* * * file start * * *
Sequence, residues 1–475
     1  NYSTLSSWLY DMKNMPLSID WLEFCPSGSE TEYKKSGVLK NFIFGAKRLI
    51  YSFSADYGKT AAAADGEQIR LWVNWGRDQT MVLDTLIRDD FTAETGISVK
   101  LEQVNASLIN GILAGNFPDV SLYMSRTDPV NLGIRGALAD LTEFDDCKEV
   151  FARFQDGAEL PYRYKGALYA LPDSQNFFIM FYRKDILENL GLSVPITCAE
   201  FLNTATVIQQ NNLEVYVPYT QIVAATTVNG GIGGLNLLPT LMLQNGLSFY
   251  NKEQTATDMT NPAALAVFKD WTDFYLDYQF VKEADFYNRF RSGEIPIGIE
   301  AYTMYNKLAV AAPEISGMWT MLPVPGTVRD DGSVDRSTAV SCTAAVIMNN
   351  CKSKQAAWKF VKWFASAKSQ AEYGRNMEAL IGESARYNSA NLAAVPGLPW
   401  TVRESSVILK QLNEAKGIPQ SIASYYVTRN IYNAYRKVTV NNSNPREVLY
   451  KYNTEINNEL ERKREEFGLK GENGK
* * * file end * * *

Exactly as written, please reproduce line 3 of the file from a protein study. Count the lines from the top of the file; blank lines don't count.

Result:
    51  YSFSADYGKT AAAADGEQIR LWVNWGRDQT MVLDTLIRDD FTAETGISVK